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Inkjet Printing Enables New Semiconductor Packaging Technologies
Keywords: Inkjet printing, Soldermask, QFN
The need for ever smaller and cost effective semiconductors is driven by wearable electronics, automotive and IoT applications and is not slowing down. New manufacturing approaches are needed. Additive manufacturing and printed electronics technologies like inkjet printing of functional materials have a number of unique benefits over traditional semiconductor technologies that enable further miniaturization and process cost reduction. Unlike with traditional dispense technologies, inkjet deposits a large number of very small droplets (picoliter volume) of functional liquid materials on a substrate. Thousands of individually addressable nozzles are utilized to dispense these materials in a non-contact way. The technology enables digitally patterned layers as well as homogeneous layers, even on 3D surfaces and 3D structures. Besides in advanced semiconductor packaging, these benefits are recognized in several other industries such as (flexible) printed circuit boards, photo voltaic (PV), display, 3D printing, and even pharmaceutics where inkjet technology finds its way into industrial manufacturing. The feature size of inkjet printing is not compatible with semiconductor front-end processes because sub-micron patterning is required. However, many wafer based back-end-of-line and strip based packaging process steps need features of tens of microns up to millimeters, and can benefit from inkjet. Therefore inkjet printing is being adopted by some of the largest semiconductor producers in the world. This paper will review the advantages of inkjet in comparison to traditional technologies, and highlights a few specific applications, one of which (routed QFN) is summarized below. A typical example of inkjet enabled miniaturization is routed QFN packaging. It offers higher I/O pin count wrt traditional QFN, combined with excellent thermal and electrical properties by applying a copper lead frame. Because the more complicated fan-out structure would lead to free standing lead fingers, the manufacturing process for routed QFN lead frames is a two-step procedure. First the lead fingers are etched halfway through the lead frame. After die attach, wire bonding and molding, the lead frame is etched back from bottom side yielding the final structure of free standing lead fingers (now supported by molding compound) and protruding solder contacts. The challenge however is that after back etching of the lead frame, the exposed copper is to be encapsulated without contaminating the contacts and leaving enough stand-off for reliable soldering. Encapsulating the exposed copper is a difficult task for molding, dispense or screen printing technology. The required layer thickness is in the tens of micron range, too thin for molding. For dispense and screen printing technology the feature sizes are a challenge and they easily contaminate the contact points due to overfilling by dispense or contact with a screen. Inkjet however precisely prints small droplets of dielectric material in a thin layer around the contacts and has no problems with the 3D topology of the lead frames. The ink jetted material creates a closed layer, contamination free contacts and nice fillets around the contact point for reliable soldering. Inkjet printable solder mask offers the right specifications in terms of layer thickness, resistivity and adequate reliability in terms of adhesion and solder resistance.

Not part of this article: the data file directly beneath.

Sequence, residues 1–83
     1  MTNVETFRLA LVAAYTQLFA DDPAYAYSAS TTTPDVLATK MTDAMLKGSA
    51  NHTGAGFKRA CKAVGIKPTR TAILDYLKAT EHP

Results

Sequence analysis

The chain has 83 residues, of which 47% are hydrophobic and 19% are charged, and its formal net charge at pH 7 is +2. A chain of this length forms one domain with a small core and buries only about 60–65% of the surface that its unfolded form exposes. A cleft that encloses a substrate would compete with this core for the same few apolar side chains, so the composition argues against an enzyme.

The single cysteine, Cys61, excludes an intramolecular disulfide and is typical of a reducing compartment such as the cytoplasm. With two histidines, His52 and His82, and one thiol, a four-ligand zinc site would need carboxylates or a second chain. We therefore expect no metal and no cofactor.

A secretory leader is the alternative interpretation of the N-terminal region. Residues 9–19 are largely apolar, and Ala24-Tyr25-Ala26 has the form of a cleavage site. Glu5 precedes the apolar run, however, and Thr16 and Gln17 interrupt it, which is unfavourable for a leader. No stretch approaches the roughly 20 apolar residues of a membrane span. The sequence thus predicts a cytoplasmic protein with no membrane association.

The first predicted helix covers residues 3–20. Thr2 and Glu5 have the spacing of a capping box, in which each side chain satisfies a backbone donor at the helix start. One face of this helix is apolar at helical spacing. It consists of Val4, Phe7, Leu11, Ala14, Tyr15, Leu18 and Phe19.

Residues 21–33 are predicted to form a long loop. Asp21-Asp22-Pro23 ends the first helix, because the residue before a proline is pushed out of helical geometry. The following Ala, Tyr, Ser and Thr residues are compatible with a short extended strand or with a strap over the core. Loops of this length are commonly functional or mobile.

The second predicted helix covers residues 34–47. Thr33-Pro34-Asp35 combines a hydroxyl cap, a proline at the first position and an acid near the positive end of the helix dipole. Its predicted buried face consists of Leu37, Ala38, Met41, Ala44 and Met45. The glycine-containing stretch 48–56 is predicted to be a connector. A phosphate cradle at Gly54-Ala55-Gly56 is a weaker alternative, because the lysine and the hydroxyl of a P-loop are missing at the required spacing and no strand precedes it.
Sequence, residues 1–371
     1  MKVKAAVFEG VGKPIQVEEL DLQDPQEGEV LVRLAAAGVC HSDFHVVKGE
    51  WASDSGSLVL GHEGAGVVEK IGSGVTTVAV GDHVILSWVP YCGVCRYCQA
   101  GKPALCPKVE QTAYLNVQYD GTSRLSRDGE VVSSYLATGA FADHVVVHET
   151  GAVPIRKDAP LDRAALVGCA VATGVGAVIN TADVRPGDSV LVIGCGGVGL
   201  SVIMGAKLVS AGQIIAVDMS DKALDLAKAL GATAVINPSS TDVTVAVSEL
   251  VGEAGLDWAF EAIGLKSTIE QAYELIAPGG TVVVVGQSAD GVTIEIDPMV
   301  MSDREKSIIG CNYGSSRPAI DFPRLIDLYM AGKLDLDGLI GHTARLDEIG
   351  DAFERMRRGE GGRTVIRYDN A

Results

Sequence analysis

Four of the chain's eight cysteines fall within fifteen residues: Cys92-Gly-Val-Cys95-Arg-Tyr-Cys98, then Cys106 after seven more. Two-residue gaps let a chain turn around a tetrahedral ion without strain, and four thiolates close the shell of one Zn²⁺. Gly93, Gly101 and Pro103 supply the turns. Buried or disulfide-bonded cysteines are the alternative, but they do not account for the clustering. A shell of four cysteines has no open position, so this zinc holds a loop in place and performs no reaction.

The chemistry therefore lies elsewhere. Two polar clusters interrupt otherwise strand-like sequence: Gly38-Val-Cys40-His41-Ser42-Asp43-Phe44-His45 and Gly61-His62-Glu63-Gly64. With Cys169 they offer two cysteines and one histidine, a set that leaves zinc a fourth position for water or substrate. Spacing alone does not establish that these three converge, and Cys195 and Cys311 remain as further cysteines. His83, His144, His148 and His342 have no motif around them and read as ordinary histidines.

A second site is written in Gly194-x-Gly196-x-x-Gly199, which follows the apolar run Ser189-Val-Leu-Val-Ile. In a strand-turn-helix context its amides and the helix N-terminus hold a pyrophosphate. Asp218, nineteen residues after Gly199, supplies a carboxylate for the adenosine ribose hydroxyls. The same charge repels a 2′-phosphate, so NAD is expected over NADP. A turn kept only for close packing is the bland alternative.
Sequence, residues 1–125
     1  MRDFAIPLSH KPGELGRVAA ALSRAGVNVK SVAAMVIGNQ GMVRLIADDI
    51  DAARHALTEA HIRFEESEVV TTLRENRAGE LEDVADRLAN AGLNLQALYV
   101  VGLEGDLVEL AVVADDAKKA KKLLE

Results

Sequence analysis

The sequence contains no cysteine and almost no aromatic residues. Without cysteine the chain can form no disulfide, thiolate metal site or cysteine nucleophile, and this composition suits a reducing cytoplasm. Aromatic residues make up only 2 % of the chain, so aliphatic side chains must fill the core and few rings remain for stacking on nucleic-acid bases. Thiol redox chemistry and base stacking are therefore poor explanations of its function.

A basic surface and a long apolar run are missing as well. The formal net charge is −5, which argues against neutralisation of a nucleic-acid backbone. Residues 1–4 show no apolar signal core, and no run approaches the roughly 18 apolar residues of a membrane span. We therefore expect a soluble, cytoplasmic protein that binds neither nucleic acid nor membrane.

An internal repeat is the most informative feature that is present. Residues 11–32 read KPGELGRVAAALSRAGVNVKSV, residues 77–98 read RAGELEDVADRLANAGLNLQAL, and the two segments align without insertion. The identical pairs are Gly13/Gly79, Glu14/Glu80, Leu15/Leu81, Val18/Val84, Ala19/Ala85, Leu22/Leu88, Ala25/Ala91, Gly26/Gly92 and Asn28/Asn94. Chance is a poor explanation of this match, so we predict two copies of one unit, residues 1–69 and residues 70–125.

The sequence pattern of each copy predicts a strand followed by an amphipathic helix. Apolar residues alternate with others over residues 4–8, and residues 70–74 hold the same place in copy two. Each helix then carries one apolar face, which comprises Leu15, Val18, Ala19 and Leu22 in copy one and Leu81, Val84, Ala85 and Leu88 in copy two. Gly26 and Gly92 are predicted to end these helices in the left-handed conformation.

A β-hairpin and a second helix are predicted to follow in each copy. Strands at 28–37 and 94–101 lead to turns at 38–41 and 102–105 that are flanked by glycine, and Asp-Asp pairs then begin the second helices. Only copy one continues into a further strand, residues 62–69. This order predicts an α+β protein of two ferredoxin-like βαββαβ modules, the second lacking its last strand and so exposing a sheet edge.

Wouter Brok,
Meyer Burger (Netherlands) BV

  • Amkor
  • ASE
  • Canon
  • Corning
  • EMD Performance Materials
  • Honeywell
  • Indium
  • Kester
  • Kyocera America
  • Master Bond
  • Micro Systems Technologies
  • MRSI
  • Palomar
  • Promex
  • Qualcomm
  • Quik-Pak
  • Raytheon
  • Rochester Electronics
  • Specialty Coating Systems
  • Spectrum Semiconductor Materials
  • Technic